The film director accused of sexually harassing French star Adele Haenel when she was still a child has claimed that she hated him because he denied her a part in another film.
Haenel rocked the French film industry last month by claiming that Christophe Ruggia "constantly" harassed her from the age of 12 to 15 on her first film, "The Devils".
The emotional livestreamed interview in which she made the claims was seen by many as a turning point for France's #MeToo movement.
The star of "Portrait of a Lady on Fire" -- one of the most acclaimed arthouse films of the year -- has since brought formal charges against Ruggia, who she said was nearly 40 when he "forced kisses on the neck".
But Ruggia hit back in a so-called counter investigation to be published Thursday by the French weekly Marianne.
He said her "hate" for him came from him having "promised to write another role for her... but my producer didn't want to hear of it".
"Adele was betting everything on my film, and the day after I got an extremely violent letter from her saying that she was going to give up cinema, and that I had betrayed and manipulated her."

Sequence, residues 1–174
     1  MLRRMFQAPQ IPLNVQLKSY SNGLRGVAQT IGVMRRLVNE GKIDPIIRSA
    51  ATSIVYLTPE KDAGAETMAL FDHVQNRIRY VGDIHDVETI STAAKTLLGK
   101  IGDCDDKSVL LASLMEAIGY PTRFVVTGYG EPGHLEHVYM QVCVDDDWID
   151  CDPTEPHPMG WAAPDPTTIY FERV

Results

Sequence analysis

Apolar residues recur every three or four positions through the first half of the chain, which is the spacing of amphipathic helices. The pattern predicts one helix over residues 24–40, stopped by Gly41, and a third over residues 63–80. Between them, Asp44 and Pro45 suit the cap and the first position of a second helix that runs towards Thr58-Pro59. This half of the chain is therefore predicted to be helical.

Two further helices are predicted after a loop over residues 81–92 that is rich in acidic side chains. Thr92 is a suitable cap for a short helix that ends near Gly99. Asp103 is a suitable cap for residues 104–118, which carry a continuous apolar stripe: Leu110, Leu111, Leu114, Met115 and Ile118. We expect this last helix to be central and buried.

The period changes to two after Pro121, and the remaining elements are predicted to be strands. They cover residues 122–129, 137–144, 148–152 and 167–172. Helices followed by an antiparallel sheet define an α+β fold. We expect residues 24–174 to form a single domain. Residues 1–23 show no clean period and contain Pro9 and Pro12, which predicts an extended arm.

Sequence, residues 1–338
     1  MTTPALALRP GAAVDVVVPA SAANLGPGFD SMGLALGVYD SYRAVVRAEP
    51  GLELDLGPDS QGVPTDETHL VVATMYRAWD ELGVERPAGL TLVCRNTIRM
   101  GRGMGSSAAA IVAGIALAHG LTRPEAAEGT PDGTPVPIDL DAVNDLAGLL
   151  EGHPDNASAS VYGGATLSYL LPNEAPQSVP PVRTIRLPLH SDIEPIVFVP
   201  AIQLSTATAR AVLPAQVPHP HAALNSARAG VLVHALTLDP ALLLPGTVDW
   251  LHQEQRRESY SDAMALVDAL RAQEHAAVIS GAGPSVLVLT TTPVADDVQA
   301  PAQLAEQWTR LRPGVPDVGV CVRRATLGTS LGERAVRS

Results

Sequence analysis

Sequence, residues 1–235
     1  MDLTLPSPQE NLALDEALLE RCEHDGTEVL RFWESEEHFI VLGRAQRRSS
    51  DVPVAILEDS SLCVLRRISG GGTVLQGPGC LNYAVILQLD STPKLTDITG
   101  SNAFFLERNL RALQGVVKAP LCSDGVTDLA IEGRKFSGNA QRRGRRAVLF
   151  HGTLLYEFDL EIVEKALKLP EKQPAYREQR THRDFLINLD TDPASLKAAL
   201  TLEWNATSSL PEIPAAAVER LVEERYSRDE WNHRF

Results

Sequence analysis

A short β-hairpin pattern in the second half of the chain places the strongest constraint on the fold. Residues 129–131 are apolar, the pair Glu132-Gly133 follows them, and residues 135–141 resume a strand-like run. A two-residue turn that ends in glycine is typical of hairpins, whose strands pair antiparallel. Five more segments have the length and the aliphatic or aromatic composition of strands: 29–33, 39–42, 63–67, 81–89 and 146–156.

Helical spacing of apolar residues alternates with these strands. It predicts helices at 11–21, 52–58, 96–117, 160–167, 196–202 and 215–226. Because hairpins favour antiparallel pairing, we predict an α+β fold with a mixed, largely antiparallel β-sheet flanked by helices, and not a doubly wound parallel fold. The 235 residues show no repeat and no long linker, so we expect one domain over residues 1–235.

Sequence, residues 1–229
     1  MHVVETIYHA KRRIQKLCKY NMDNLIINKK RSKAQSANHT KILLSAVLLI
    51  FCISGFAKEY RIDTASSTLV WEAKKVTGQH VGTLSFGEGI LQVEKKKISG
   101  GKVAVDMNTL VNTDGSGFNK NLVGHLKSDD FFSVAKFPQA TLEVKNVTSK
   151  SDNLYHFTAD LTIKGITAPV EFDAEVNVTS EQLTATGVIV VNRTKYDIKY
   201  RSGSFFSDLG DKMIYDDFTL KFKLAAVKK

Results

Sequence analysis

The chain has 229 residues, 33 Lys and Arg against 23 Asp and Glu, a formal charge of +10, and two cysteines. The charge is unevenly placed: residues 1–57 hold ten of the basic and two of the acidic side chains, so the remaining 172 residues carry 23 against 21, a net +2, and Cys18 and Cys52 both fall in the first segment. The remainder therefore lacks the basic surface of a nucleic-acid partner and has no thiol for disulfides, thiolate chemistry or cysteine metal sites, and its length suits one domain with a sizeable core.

Ruggia, now 54, at first fiercely denied harassing Haenel on the 2002 movie before asking her to forgive him.
- 'Playing Pygmalion' -
"I did not see that my adulation and the hopes I placed in her, might -- given her young age -- be distressing," he said.
Ruggia also disputed parts of a seven-month investigation of her accusations published by the website Mediapart, which first broke the story last month.
He insisted that his ex-partner, fellow director Mona Achache, did not walk out on him after he confessed to his fascination with the teenage Haenel, as she told the website.
"Mona left me after she met someone else on a film," he said.
While Ruggia continues to deny that he molested Haenel, he admitted "playing the pygmalion" after discovering her when she was 12 years old.
Pygmalion is a sculptor who falls in love with the statue he created in the Roman poet Ovid's "Metamorphoses".
He insisted that he had a "professional and affectionate relationship" with Haenel.
However, the French society of film directors (SRF), which Ruggia had help lead for several years, expelled him when the allegations came to light.
Haenel, 30, initially refused to go to the police about Ruggia because of the "contempt with which the judicial system treats women. One rape in 10 ends up with a conviction," she said.
Christophe Ruggia said Adele Haenel's 'hate' for him came from him having 'promised to write another role for her... but my producer didn't want to hear of it'